Wednesday, February 11, 2009

Attitudes Changing About Atheletes And Pot

CNN: Potheads Support Phelps

While there is nothing new to a story about a famous athelete getting caught with drugs, attitudes clearly seem to be shifting about the recreational use of Marijuana by anyone from atheletes to executives. Everyone has read or seen reports that Michael Phelps, the exceptional Olympic swimmer, was caught in a photo smoking a bong at a party. The consequences range from Phelps loosing commercial endorsements, to the local police in the city where "the crime" occured trying to arrest him.
What a joke. What arrogant bluster. Even the former police chief of Seattle Norm Stamper, now an anti-prohibition activist has slammed both the County Sheriff in North Carolina but also told Kellogs that he would not use their products anymore for dropping their endorsement of Phelps.
Across the globe in Japan, another similar scandal erupted when a number of Sumo wrestlers were banned from the sport also due to pot use. Wow; can you imagine a four-hundred-pound Sumo stoner with the munchies? Now let me say this: Japan is a much more rigid society than the United States, and traditionally Sumo has been linked to a quasi-Shinto type of spiritual ceremony of pureness or such stuff. I can almost understand that.
But U.S. atheletes are under no such constraints. In fact, nobody could ever claim that pot is a performance enhancing drug.
More reasonably, one could argue that the use of small amounts of pot could unburden the athelete of performance anxiety, provide effective pain relief, and negate the need for any pharmaceutical anti-depressents that half of society seems to use these days. Let's face it, atheletes are into peak experiances, and recreational use of non-addictive herbs like pot, or even mind-expanding mushrooms fit that category. An argument could be made that with sensible use, these natural drugs could help produce not only a better athelete, but a more open, understanding and aware individual.
So Come on Michael Phelps! Be true to your self! While you have said publicly that you have learned from your mistakes, you have not specifically mentioned pot smoking. Why not just come out as a spokesman for decriminalization of pot? Why not bring this discussion into the same televisions in the same homes in America that cheered for you at the Olympics? Are you not still an American hero?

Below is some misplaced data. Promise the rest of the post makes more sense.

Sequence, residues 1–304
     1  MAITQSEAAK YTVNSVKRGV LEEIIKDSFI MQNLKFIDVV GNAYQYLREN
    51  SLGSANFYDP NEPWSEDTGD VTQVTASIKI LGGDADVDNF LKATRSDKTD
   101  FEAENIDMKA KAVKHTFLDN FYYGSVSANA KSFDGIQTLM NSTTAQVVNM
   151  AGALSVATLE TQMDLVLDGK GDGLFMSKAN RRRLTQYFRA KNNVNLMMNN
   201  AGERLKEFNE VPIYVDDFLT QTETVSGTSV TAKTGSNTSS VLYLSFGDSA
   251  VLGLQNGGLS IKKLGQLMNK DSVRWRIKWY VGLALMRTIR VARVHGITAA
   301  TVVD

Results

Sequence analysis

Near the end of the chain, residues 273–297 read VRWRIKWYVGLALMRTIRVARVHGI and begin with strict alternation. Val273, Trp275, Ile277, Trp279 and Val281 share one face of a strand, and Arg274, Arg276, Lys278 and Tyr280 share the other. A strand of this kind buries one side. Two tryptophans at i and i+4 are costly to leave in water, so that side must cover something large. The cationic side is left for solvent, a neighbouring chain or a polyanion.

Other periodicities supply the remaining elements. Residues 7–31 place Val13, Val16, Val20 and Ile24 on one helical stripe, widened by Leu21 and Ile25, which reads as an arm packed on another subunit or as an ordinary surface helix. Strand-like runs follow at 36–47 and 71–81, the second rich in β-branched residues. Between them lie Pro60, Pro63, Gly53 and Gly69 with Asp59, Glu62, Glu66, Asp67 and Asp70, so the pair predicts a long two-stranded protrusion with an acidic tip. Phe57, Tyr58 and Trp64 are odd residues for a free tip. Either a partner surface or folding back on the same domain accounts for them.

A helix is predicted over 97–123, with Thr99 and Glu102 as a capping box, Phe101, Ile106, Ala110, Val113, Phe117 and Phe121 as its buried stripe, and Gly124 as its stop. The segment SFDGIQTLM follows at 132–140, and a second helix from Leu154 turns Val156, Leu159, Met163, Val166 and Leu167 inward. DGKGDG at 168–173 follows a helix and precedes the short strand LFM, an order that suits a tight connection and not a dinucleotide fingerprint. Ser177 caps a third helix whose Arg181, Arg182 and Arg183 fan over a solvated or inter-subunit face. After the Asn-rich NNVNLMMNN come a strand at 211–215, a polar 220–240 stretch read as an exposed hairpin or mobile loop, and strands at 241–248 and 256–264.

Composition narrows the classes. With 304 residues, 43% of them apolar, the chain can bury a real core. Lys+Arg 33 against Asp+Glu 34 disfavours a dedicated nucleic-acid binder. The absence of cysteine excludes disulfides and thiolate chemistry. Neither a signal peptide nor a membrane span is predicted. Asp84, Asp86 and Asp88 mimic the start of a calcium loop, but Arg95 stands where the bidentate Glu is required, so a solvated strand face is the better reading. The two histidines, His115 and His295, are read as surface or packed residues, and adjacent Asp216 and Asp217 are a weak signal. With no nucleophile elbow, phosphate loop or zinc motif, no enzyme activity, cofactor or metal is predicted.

Dan Prager said...

Rat says: "[N]obody could ever claim that pot is a performance enhancing drug."

Except in competitive eating!

More seriously: There is evidence that cannabis use can trigger psychotic episodes in some people. Prime risk factors: personal or family history of psychotic illness; use of stronger forms of cannabis; heavy and prolonged use. Reference aimed at health workers.

ted said...

Given the Shintoistic purity element in Sumo, Japanese society is willing to forgive these athletes if, and only if, it was really good shit.

Dojo Rat said...

Yes, I am not trying to say every athelete or person benifits from smoking pot. I am not advocating that at all. I am just playing Devil's advocate in these times of change.
Any psychoactive drug, such as Prozac or a number of others can cause problems with certain people. Now they are admitting that anti-depressants can lead people to murderous rage or suicide.
I mainly think the Phelps case is much about nothing.
Man, I gotta find some pizza or cookies or something...

Dan Prager said...

Rat: I think we're pretty much on the same side here.

I would agree that all drugs -- licit and illicit -- have benefits and risks. In Australia we have significant social problems with binge-drinking and alcohol-related violence. By contrast, it used to be possible to prescribe heroin for pain-relief -- not any more!

Hand2Hand said...

I'm no fan of pot. But, the claims of pot's dangers have been so exaggerated it isn't funny. The only reason it's still illegal is because some right-wing types are still fighting the cultural wars they lost in the 1960's.

Tobacco and alcohol have killed more people than marijuana ever could, yet they're legal.

Come to think of it, McDonald's, Burger King and Wendy's have sent more people to early graves than marijuana ever could, yet they remain legal, too.

Let's stop sending people to prison for consensual crimes and use the space for real criminals who do real harm to society. We could start with those white collar financiers who've brought us to the brink of the next Great Depression. Or those people who lied to get us into war in Iraq.

Dojo Rat said...

"We could start with those white collar financiers who've brought us to the brink of the next Great Depression. Or those people who lied to get us into war in Iraq"

I totally agree,, Brother H2H!